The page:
Chile has a lot going for it, wine-wise: a dreamy climate much like California’s, with enough heat to ripen grapes, cool nights, and not much harvest-time rain. The country’s prephylloxera vines were brought over from France in the 19th century. But the missteps have always outnumbered the successes. Chile’s wine industry has felt more like a high-volume imitation factory than a place for innovation. That seems to be changing.
Marketing itself as the world’s source of cheap wines may have helped Chile get its industry going, but as a long-term strategy it was myopic. Around five years ago, Chile decided it needed a go-to grape, something unique, to better market itself. New Zealand has Sauvignon Blanc; California has Zinfandel; and Argentina has Malbec. Chile chose to promote the grape Carmenere. Bad idea: First, Carmenere had for generations been treated like Merlot, but it never got ripe when Merlot did, leading to what people claimed was an underripe, vegetal taste—one that became associated with Chilean wines. Even when planted in better spots and allowed to ripen properly, Carmenere doesn’t make a compelling wine. When fully ripe, it becomes monolithic and impenetrable, hardly appealing to today’s demand for food-friendly wines.
There’s been lots of foreign investment by wine powerhouses like Mouton Rothschild and Mondavi, but these firms have seemed more interested in trying to make cheaper versions of the wines of their home countries. A host of expensive Cabernet blends got high scores from critics. However, these wines never tasted like they were expressing anything original, and only reflected the markets they were chasing. Finally, the majority of Chile’s wine is exported, and with very little Chilean wine being consumed at home, the industry has lacked its most immediate and authentic source of feedback.
Now, the good news. Land planted to vines has more than doubled in Chile since 1995, and lots of those plantings have been in new regions with new grapes. Winegrowers are pushing into more cool-climate valleys. Primary among these are the valleys of Casablanca and the even cooler Leyda area (in the San Antonio Valley). The most famous winery in Casablanca is Veramonte (owned by the Huneeus family of California’s Franciscan and Quintessa wineries), which for years punished us with its underripe Cabernet and Merlot blends. But recent bottlings of cool-climate grapes like Pinot Noir and Chardonnay have shown great promise. Sauvignon Blanc, in particular, has made an impression. It’s tangy, flavorful, and imbued with life. Huneeus makes another Sauvignon Blanc under the duo label, which zips with flavors of bright lemon peel and lime juice. Veramonte’s neighbor, Casas del Bosque, also makes a crisp, sharply defined Sauvignon. My favorite, however, is from the winery Terrunyo (owned by Concha y Toro), which showcases the best of the bright fruit but adds a sophisticated restraint and a mineral note rarely seen in Chilean wines. This wine is a true original and worthy of consideration with the best Sauvignon Blancs in the world.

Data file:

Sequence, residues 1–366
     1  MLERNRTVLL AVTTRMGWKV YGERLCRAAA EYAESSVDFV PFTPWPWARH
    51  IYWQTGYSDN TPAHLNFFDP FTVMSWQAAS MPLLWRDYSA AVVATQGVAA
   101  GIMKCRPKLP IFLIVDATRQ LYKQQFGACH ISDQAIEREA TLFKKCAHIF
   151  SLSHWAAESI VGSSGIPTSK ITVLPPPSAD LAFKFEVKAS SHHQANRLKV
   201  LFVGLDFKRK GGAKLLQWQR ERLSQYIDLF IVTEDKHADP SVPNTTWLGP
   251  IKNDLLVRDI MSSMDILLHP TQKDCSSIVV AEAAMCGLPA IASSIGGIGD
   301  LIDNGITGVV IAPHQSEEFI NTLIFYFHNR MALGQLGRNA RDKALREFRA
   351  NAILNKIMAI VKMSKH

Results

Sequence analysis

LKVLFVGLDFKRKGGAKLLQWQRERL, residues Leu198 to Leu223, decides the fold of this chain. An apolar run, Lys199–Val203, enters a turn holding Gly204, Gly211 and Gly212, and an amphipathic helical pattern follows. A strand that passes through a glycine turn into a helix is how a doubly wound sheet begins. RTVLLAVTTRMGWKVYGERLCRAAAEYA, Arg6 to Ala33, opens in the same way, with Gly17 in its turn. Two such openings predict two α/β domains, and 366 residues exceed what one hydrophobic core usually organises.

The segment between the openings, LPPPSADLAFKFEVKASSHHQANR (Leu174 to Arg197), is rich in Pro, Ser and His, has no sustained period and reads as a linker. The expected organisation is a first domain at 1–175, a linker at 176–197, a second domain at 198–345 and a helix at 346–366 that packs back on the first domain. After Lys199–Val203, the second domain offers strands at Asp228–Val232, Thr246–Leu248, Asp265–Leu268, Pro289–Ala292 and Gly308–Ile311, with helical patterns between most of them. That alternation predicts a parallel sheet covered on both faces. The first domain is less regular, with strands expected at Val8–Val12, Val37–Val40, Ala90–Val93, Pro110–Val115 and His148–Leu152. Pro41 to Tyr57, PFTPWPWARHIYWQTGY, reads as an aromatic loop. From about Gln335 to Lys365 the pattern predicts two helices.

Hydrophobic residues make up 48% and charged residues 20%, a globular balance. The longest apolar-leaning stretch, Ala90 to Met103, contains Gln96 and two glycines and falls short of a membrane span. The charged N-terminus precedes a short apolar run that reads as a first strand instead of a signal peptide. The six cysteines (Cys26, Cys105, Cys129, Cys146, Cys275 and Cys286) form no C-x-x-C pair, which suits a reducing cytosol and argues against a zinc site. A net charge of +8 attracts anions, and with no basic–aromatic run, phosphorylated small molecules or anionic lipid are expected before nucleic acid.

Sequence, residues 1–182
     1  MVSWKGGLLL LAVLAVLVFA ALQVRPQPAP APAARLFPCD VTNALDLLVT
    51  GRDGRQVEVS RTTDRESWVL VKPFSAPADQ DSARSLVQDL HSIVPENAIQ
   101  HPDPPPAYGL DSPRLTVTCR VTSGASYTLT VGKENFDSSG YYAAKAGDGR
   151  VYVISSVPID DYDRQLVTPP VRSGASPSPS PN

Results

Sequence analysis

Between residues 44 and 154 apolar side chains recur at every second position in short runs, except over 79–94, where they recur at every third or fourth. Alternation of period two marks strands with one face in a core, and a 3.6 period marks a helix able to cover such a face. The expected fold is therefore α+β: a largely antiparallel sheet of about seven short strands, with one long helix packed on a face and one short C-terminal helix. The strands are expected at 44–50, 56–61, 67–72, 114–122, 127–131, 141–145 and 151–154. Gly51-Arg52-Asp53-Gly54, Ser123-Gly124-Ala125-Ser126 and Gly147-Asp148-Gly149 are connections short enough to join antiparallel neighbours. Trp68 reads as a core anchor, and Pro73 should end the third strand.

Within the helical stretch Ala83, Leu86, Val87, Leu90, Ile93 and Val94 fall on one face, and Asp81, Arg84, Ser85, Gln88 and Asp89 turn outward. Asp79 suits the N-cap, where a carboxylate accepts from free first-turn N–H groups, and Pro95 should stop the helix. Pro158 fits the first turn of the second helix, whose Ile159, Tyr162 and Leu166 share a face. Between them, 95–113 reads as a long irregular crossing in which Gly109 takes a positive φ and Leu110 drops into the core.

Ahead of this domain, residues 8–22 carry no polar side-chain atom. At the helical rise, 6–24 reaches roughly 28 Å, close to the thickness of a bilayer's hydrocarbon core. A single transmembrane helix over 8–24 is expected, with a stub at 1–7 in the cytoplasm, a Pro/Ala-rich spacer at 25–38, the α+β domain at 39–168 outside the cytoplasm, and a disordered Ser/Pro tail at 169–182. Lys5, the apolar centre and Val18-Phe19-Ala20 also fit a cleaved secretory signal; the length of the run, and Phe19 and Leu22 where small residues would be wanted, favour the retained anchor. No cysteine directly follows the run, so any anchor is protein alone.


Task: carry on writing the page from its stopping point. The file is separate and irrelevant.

Syrah is also making great strides here. The Folly from Montes is full of minerality and wild blackberry. It’s as delicious as it is expensive (around $70). But there are other, more affordable Syrahs, led by Casa Lapostolle’s Cuvée Alexandre, which gets at the meaty, earthy side of the grape that I find so intriguing. The Matetic Vineyard’s EQ Syrah from the San Antonio region captures the savory notes of the grape with black and white pepper notes and a violet intensity. These wines are sharp departures from Australian Shiraz—they’re leaner, prettier, and more aromatic.
And even Pinot Noir is showing some potential in these cooler Chilean climes, which mimic California’s Santa Barbara and Sonoma coasts. Cono Sur is leading the way in the Casablanca Valley with a supple and acidic wine with sweet flavors of cherry and raspberry. It’s still a bit simple but shows the grape’s potential. That potential is realized by bottles like Matetic’s EQ Pinot Noir, a well-structured but gulpable wine with lots of bright fruit and juicy acidity. The Leyda Lot 21 Pinot is another good find, with classic tart cherry and raspberry notes and a fine dusting of spice.
After years of being a factory for the wine titans of Europe and America, Chile finally seems to be finding a voice of its own. It’s a work in progress, but the progress is encouraging.